Assessor, William E. Fowler, MMAO(4), PPE
4303 S. Center Rd., Burton, MI 48519
Phone: 810-743-1500 ext 1301 Fax: 810-743-5060
The Assessor’s Office is responsible for the valuation of Real and Personal Property in accordance with the General Property Tax Act. The Assessor’s office monitors all sales and analyzes the local real estate market relative to the economic conditions. The Assessor’s Office is also responsible for maintaining a record card indicating ownership and sales information, as well as, property characteristics of every parcel in the City. The Assessor uses the characteristics of your property in connection with the analysis of the real estate market to estimate a market value, then market value is multiplied by 50% which is then your assessed value.
It is a common misconception that the Assessor’s office alone determines your tax bill. This is not so. There are several different elements that enter into that formula and the Assessor’s Office is only responsible for one of those elements. Proposal A, as passed by voters March 15, 1994, places additional limits on taxable values, which are used to compute property taxes. Starting in 1995, property taxes are calculated using “taxable” value. Taxable value is calculated by using the prior years taxable value minus losses, times the inflation rate multiplier (IRM), plus additions (i.e. new construction and/or omitted property improvements) there by being the current years taxable value. An additional way your taxable value may increase over and above the IRM is if you purchased your property in the prior year and the taxable value is less then the current years assessment. Prior to Proposal A, taxes were calculated using “State Equalized Value” or SEV which keeps pace with Market Value regardless of ownership change.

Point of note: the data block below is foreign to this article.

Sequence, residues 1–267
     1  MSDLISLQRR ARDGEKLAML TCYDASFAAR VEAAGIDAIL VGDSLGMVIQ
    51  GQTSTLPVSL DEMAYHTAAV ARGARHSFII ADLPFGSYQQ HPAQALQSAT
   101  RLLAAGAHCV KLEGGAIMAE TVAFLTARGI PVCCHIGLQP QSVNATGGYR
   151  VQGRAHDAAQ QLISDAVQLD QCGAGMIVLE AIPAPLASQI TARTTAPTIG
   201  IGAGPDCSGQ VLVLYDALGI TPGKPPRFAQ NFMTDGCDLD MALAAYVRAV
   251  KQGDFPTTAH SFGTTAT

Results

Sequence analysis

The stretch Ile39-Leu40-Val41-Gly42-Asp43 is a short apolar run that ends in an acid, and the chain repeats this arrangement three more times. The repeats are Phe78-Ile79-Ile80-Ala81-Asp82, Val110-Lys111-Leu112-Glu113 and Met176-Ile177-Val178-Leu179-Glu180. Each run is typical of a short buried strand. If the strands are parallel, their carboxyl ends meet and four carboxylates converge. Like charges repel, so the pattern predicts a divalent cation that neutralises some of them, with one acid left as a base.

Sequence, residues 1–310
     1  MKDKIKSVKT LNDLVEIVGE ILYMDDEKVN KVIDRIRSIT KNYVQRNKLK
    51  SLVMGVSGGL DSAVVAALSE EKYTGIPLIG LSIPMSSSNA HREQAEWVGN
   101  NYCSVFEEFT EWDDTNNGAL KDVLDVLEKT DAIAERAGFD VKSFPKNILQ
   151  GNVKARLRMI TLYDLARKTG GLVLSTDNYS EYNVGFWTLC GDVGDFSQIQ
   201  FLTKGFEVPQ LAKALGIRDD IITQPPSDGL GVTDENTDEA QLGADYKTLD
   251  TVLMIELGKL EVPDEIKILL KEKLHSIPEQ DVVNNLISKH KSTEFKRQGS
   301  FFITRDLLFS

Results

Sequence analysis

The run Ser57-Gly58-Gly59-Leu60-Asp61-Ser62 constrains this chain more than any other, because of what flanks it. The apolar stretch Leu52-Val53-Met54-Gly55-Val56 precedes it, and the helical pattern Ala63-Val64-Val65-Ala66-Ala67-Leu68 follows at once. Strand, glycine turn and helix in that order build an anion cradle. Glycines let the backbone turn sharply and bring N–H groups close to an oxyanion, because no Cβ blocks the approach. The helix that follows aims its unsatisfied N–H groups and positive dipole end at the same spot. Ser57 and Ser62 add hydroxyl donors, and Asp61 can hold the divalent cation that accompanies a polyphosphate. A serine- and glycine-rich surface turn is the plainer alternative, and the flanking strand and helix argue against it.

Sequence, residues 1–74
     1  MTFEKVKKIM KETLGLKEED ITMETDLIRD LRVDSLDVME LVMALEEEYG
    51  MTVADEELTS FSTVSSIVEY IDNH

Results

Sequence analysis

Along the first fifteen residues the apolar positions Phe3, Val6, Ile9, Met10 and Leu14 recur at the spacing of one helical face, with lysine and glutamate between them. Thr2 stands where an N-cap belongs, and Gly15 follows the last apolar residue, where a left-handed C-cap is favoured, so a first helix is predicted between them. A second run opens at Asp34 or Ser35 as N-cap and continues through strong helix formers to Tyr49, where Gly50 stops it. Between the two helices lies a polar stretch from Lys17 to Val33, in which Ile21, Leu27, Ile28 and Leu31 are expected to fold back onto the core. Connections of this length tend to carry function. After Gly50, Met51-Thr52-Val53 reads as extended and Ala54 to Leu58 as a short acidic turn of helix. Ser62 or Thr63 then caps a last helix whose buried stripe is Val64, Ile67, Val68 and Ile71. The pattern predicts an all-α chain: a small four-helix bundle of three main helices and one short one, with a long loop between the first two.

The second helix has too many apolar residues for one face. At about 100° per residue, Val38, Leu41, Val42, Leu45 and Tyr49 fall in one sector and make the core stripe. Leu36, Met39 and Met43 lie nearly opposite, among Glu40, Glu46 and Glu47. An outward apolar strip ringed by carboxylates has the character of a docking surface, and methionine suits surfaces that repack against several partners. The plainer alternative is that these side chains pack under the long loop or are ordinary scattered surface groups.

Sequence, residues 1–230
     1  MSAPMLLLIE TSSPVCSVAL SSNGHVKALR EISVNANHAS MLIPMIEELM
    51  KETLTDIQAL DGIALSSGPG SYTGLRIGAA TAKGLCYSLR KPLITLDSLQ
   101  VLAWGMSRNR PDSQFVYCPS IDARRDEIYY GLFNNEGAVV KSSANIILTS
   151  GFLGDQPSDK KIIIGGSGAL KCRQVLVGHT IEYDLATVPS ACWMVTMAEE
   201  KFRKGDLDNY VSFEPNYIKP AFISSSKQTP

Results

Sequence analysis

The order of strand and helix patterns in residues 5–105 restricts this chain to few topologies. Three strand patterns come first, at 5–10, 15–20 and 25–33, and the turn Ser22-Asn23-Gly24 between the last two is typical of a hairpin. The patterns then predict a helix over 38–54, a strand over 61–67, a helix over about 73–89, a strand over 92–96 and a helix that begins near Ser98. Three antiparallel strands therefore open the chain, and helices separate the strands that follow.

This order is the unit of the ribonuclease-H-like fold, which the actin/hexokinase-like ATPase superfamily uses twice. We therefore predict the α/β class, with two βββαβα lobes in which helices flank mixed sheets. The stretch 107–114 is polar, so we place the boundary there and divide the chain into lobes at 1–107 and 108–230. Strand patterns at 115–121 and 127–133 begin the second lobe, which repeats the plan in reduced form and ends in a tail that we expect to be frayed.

Assessment Change Notices are mailed in February of every year and property owners are given the opportunity to appeal their assessment in March at the Board of Review.
The Michigan State Tax Commission requires periodic inspections of all real property within the City. Inspections are necessary to maintain complete and accurate assessment records and the assessor may review properties at any time. A courtesy letter is normally sent to homeowners of the properties that have been selected prior to the inspections occurring. Property owners are not required to be in attendance at the time of the inspection and cooperation is greatly appreciated.